Students understand energy conservation in different ways. To some, it is about forces and the work they do. To others, it is about taking the escalator rather than the stairs. But getting them to think about the energy consumption in their homes can be an illuminating exercise, and one that encourages a more conscientious approach in general.
Bills, bills, bills
Getting students to bring in a real electricity or gas bill is a great place to start (consider getting them to black out personal details, such as their address, if necessary). Bills contain a huge amount of information – which is often overlooked by homeowners – from the average daily usage to greenhouse gas emissions.
You could get your class to compare bills and determine which household uses the most energy. Get them to explore the possible reasons for this; there may be obvious factors, such as the number of people who live in the house, but encourage them to look beyond this and consider the finer details of their energy consumption.
To assist students with this task, get them to explore some thought-provoking questions. How much energy is used to boil a kettle? How much to power a freezer for an hour? If the heating is on in an unused room, how much energy does it waste over a day? How much impact does the size of a room have on the energy required to heat it?
For homework, students could create a log of energy usage in an attempt to account for their bills. This can then be reviewed in class, allowing them to reflect on what their individual data shows and whether there are ways that they can reduce consumption.
These activities span many areas of maths, including statistics and the conversion of units. More adventurous teachers could explore cubic volumes of rooms and the efficiency of traditional heating systems versus electric heaters. These ideas link with the fully planned lessons and resources found in The Pod, such as the 24 hours in the life of a Smart Meter activity.
Standby modes on electrical devices are significantly more efficient than they used to be. But by how much? Pupils could research and examine the evolution of the energy saving mode in a particular device and calculate how efficient it really is, comparing the past and present, and exploring any available projections for its future development. Get them to explore whether these devices should still be switched off at the mains.
Most households will have at least one older, less efficient device; pupils can calculate the implications of leaving these on. This would be ideal as an independent research activity after an introductory lesson. You can split the class up into small groups, focusing on certain devices or technologies, and then each can present their findings. They should be tasked with using as many statistical skills as possible to communicate their results to their peers.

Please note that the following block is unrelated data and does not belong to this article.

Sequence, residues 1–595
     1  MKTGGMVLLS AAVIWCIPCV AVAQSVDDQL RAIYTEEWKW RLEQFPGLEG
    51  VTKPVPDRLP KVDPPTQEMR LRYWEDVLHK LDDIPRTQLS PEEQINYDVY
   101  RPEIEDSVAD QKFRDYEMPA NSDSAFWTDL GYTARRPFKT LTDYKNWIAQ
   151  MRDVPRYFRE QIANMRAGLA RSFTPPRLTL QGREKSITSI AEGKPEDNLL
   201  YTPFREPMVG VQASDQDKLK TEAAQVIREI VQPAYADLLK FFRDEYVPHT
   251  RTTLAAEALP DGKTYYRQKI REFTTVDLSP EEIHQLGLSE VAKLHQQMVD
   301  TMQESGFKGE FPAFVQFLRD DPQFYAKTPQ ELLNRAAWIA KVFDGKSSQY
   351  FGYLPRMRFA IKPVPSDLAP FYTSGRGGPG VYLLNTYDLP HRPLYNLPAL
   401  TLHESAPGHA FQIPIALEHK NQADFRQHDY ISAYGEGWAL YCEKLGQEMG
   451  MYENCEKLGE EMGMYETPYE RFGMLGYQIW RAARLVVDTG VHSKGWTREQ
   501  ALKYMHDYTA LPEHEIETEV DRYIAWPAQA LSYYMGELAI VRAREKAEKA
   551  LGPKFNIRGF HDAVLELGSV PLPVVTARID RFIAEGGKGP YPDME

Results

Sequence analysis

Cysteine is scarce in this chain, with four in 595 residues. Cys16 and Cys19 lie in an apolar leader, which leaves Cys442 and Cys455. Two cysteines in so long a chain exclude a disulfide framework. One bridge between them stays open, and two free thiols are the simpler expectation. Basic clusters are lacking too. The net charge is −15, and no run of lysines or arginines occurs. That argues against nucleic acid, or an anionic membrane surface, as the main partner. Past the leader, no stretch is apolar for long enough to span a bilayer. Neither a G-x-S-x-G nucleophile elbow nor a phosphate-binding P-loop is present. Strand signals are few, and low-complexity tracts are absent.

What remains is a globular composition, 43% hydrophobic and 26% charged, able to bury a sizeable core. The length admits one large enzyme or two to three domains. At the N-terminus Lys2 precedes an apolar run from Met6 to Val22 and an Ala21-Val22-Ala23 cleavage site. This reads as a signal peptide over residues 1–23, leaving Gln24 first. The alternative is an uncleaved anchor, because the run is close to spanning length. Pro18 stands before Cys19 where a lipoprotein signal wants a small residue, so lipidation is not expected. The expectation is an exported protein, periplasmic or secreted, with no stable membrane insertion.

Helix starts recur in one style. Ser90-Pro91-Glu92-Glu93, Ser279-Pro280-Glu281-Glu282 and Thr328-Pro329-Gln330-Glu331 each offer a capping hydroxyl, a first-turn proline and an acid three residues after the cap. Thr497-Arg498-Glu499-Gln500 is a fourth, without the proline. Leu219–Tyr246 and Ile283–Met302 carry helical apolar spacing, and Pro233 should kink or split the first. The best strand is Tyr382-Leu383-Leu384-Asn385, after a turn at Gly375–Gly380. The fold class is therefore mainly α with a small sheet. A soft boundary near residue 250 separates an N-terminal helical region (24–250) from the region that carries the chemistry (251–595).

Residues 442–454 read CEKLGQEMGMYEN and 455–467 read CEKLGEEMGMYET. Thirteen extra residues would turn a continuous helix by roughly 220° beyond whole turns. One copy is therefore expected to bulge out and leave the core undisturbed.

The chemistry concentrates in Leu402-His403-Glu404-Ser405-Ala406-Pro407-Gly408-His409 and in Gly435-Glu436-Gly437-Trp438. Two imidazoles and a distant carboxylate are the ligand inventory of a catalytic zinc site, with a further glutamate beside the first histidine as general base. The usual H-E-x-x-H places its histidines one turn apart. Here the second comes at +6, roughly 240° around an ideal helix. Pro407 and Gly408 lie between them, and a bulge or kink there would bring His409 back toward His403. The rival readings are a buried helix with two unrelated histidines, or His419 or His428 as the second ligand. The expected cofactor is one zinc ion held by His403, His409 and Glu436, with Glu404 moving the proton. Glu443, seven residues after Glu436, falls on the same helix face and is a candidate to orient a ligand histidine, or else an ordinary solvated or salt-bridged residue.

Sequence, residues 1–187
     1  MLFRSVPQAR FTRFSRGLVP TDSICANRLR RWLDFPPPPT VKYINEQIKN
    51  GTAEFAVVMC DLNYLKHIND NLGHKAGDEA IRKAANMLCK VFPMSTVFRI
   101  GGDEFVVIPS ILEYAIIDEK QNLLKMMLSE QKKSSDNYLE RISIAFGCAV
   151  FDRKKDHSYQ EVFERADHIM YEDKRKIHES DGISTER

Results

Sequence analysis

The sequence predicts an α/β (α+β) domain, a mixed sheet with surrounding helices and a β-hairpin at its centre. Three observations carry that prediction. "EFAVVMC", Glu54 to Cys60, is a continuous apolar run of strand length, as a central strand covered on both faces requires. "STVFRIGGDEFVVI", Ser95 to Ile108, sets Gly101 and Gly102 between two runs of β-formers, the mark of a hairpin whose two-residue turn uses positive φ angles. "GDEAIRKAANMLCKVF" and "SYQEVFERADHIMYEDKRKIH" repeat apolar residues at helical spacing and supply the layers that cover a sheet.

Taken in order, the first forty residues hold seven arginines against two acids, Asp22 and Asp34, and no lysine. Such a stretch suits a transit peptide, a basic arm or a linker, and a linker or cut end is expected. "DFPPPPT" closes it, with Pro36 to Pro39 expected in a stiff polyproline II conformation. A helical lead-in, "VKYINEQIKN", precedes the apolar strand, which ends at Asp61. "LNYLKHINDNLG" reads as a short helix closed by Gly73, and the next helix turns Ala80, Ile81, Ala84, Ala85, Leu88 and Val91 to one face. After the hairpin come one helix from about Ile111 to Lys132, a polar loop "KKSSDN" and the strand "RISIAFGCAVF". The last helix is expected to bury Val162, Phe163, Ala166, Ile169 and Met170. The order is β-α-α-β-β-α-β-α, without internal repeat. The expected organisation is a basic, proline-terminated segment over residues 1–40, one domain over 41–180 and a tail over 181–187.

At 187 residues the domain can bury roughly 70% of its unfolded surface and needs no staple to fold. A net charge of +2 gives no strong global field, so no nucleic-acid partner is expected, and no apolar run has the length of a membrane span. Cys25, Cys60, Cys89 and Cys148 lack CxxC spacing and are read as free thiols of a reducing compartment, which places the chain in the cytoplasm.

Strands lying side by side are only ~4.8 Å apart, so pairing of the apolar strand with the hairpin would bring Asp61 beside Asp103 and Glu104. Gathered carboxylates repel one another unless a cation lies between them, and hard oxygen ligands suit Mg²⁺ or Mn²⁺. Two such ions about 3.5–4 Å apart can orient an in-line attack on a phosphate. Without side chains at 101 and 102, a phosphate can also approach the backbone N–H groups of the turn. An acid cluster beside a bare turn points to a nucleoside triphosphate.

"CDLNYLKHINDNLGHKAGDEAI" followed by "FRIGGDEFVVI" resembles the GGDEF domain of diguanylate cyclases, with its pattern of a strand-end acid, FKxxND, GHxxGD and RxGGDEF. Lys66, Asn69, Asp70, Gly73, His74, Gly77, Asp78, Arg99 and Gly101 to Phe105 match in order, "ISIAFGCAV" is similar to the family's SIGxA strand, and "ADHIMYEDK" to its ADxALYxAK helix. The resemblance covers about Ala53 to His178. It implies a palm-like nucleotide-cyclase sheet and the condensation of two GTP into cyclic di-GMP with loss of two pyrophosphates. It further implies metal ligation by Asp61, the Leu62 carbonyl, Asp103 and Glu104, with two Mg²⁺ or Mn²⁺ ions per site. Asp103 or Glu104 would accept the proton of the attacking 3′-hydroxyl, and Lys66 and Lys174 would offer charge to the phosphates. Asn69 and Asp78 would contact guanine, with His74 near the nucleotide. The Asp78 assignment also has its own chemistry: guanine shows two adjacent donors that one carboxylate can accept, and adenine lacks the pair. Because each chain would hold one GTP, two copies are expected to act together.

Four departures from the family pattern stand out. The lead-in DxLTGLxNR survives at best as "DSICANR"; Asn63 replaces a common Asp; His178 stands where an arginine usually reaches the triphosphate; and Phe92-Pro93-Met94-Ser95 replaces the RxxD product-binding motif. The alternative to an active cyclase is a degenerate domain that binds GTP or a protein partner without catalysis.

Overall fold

Technology has enabled us all to become more energy-efficient homeowners. Young people have been born into a world where a lot of the thinking on energy saving has been done for them, but they should still be conscious of their impact on the environment, in large and small ways. Teachers can encourage students to drill deeper into these statistics, exploring what the most and least efficient devices are in their home, whether they are on standby or not.
Activities like these are engaging because they are provocative and personalised to students. There is unlikely to be an individual who cannot find some area of their life where they could become more energy smart, whether it’s unplugging a DVD player that’s rarely used and is surprisingly inefficient, or turning their laptop off before allowing it to go to sleep left unattended.
As automated as the world is becoming, it is still important that students understand the processes involved, particularly as humans’ approach to energy usage is the biggest factor in its consumption and waste. Awareness will enable your classes to make immediate positive changes to their own behaviour and even that of others in their households.
These students are the homeowners of tomorrow. The mindset and routines they get into now will determine their carbon footprints in the future. As consumers, they should understand – and demand – technology that can minimise their impact on the planet, while taking as many practical steps as possible to do so themselves. The data on how we live is compelling, and if it is delivered in an appropriate way to young people, it should serve to persuade them to make positive changes.
Miren Jayapal is deputy head of mathematics at Fortismere School in London